This post is part of an editorial series, “Healthy Mama,” brought to you by the Fort Worth Moms Blog and Texas Health Care Privia Medical Group North Texas, which includes Dr. Elisabeth Wagner, Dr. Mickey Hooper, Dr. Bea Kutzler, Dr. Doug Decker, Dr. Jamie Erwin, Dr. Kathleen Cammack, Dr. Emily Maas, Dr. Jennifer McLeland, Dr. Lindsay Breedlove, Dr. Martha Guerra, Dr. Danielle Burkett, Dr. Robert Zwernemann, Dr. Jay Herd, Dr. Ingrid Kohlmorgen, and Dr. Martin Read. We hope these pieces provide you with helpful information, encouragement, and answers as you make decisions for your own health.
While pregnant with my first child, I spoke with so many friends. I asked questions to learn about breastfeeding, foods to avoid, and what to expect with motherhood. A few friends had had cesarean deliveries (C-Sections), but oddly it never came up in conversation. As soon as my doctor said, “We need to prep for a C-section,” I wished I had asked them.
My C-section wasn’t scheduled and, looking back, the surgery itself wasn’t bad. My anesthesiologist was great. I do wish he warned me about the shakes — a type of reaction to the spinal anesthesia. My upper body shivered as if at the North Pole. This lasted until after I was in recovery.
I wasn’t prepared. I knew nothing about pain meds I was given. They made me so groggy. I refused my second dose. I called my doctor to request something else. I remember the disbelief of the staff as I took ibuprofen.
Next was getting up and getting those compression devices off my legs. I didn’t know about those either. Because I couldn’t feel from the waist down, I had no idea when they were put on. The devices circulate blood, preventing blood clots.
Two days post-partum, we were home with a prescription and a belly band. The belly band is exactly what it sounds like. It was Velcro and went from my belly button down to the middle of my hips. There were also explicit instructions to hold my incision area while laughing or coughing, and not to drive or to walk up the steps for a few weeks.
After being home one week, I attempted to move the car myself. What a mistake! Who knew that abdominal muscles were used to drive? There was no strength to lift my foot a few inches for the brake. It took weeks before I no longer felt like my insides would fall out if I skipped.
I thought back to my birth plan and the talks I had with my OB/GYN. I was prepared for everything. Everything except a C-section. Never did I think or ask how C-section could impact me emotionally and physically.
My second pregnancy also ended with an emergency C-section. Until that moment, it hadn’t dawned on me how I subconsciously longed for a vaginal delivery — to use my own body, my own strength, to welcome my child to this world. With my third pregnancy, a VBAC wasn’t even an option. When the doctor told me, I suddenly felt deflated, as if I would never “give birth.”
You Are a Strong Woman
We hear wonderful, amazing stories of childbirth. People ooh and ahh, they tell her how strong she is. No meds? “Wow, you are superwoman.” Thirty-six hours of labor? “Oh my goodness, how did you do that?”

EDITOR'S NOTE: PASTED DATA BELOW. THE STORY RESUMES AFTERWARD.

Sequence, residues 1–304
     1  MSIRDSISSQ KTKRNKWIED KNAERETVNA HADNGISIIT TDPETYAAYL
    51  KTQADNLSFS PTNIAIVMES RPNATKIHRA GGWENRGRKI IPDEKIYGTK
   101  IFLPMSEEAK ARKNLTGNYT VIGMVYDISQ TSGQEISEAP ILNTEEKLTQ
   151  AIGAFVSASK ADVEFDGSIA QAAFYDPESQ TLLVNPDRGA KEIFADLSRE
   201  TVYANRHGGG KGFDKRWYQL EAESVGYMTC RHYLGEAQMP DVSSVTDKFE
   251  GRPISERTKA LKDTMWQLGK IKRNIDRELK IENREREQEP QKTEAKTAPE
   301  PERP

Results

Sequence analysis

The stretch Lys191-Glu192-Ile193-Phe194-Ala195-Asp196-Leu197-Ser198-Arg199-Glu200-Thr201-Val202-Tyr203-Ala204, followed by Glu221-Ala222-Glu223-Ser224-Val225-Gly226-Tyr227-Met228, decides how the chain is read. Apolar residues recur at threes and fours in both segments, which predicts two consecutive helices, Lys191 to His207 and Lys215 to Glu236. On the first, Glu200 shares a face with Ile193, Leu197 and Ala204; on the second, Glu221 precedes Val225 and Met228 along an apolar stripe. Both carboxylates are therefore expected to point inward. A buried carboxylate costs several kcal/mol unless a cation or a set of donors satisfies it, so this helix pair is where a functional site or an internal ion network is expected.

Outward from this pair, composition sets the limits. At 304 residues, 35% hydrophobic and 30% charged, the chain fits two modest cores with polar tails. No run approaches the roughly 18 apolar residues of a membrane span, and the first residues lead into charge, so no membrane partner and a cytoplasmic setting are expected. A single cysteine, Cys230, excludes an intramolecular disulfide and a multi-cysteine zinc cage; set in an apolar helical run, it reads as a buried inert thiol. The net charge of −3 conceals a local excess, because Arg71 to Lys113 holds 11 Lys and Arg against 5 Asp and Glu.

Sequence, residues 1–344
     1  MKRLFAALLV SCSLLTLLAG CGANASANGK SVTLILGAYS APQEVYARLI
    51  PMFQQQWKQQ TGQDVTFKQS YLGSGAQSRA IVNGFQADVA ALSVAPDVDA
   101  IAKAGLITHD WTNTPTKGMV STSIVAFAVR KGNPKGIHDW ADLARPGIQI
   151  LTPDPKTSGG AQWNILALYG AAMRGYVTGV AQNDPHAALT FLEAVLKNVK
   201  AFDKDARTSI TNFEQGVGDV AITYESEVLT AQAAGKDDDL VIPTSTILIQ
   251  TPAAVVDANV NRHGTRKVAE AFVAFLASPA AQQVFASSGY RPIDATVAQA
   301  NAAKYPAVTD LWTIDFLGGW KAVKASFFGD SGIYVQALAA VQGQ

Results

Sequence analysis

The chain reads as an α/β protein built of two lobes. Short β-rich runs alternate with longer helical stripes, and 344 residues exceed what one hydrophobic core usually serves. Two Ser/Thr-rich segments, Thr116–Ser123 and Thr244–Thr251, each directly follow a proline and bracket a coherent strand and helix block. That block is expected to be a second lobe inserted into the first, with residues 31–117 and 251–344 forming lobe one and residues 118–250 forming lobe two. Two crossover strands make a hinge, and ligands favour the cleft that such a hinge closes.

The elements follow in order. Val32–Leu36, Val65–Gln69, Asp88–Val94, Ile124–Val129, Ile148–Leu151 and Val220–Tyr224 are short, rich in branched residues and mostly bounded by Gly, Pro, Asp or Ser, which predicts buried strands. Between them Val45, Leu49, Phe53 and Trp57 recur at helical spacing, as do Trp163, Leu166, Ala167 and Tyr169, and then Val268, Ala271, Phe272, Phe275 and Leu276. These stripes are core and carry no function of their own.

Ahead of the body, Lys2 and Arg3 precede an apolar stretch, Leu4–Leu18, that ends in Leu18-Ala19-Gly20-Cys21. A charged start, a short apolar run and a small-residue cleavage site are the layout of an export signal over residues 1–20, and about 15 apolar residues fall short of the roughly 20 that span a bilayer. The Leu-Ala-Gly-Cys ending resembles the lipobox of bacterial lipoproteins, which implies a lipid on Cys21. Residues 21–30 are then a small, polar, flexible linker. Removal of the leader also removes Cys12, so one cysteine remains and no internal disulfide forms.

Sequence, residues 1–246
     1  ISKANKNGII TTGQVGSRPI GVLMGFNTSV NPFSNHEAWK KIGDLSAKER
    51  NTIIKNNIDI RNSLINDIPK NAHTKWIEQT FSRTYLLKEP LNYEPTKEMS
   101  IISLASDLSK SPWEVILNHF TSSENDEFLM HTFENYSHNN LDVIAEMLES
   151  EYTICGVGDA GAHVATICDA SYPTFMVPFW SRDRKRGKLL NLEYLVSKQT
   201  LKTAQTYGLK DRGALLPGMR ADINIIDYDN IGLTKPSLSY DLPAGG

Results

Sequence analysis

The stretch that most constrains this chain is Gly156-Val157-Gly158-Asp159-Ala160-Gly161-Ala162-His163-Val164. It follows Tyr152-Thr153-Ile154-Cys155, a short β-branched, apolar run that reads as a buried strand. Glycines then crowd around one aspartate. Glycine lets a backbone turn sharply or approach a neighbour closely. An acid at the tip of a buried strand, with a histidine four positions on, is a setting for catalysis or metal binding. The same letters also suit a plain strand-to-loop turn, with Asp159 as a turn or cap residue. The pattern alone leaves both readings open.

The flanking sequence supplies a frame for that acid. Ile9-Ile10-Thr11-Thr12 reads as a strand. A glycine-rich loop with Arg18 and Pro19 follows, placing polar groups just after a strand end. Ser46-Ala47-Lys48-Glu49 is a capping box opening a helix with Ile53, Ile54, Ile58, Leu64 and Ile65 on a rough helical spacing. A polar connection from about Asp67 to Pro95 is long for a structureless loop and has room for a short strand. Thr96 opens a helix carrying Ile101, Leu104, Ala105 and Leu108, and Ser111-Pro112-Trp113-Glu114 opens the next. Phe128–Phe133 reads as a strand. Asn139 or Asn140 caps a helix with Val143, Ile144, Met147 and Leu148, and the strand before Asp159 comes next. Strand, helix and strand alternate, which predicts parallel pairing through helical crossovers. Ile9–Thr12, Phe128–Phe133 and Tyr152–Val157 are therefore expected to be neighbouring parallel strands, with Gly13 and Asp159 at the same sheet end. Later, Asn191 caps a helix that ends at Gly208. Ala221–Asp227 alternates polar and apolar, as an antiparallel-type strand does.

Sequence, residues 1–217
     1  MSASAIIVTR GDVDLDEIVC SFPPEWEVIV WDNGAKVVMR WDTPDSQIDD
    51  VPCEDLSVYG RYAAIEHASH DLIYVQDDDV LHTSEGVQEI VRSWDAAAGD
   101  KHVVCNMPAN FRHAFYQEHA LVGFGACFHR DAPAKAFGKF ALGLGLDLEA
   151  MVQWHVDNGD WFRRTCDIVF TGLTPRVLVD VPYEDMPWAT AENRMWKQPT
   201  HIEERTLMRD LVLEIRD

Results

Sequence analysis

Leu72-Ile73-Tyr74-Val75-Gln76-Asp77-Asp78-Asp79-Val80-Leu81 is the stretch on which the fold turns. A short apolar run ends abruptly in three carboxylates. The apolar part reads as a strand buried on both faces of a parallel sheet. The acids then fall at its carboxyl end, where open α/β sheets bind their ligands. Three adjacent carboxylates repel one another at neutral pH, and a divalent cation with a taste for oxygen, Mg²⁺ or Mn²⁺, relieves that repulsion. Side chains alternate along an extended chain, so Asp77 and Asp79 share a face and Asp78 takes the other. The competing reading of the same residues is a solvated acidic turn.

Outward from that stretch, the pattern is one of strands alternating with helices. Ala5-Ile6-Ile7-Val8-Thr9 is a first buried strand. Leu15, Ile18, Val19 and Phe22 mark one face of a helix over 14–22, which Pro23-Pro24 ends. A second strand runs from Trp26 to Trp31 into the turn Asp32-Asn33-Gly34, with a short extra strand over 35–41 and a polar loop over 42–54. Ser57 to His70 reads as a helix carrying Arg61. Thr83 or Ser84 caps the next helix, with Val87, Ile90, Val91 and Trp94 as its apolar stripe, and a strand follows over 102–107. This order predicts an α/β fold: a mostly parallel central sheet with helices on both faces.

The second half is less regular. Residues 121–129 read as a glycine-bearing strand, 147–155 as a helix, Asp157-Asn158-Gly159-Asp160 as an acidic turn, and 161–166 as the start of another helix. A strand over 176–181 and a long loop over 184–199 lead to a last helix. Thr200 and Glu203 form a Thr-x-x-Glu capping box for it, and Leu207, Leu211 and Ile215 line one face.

I did not have that story, that experience. I never thought it would make me feel that less of a woman. You may feel your body has failed you. In emergency C-sections, everything can happen quickly, and you may feel as if you had no control. You may even feel anger towards the medical staff. After a C-section, you can’t hold your baby immediately (something that saddened me). How many of us dreamed of that moment? The physical pain that accompanies your caesarian can make it weeks or months before you can hold your child without cringing in pain.
In a follow-up appointment after my third C-section, my OB/GYN asked how I was doing. I gave the generic answer that I was healing well. She remembered my reaction from that first talk about this pregnancy. She gently told me that I was no less of a mom, that my scar was the first of many sacrifices of motherhood. In two of my pregnancies, the child was in distress. The choice was made to sacrifice my desires for the wellbeing of my sons. Isn’t that a huge part of motherhood — sacrifice?
My OB/GYN added that, even with planned C-sections, the way a child arrives doesn’t matter.
Do you hear that, ladies? It does not matter. I’m saying this to women who have had C-sections. To the friends of these women, to their mothers and sisters; watch not just what you say to this new mom, but how you say it. She has scars you cannot see, and they hurt just as bad.
Share Your Story
It will help you and others.
For those mommas who may be expecting and preparing for the birth of a child, include C-sections in your talks with medical professionals. Be more prepared than I was. It will help you to make the best decisions for your child and yourself. Research and know about VBACs and if you will be a candidate for one.
To my fellow C-section moms, your childbirth story is just as amazing as everyone else’s. Share it and take pride in it. If you struggle with recovery — whether it be physical or emotional — share that too. Whenever my boys are old enough, I will remind them of all that their momma had to endure to get them here, and that I literally have the wounds to show for it.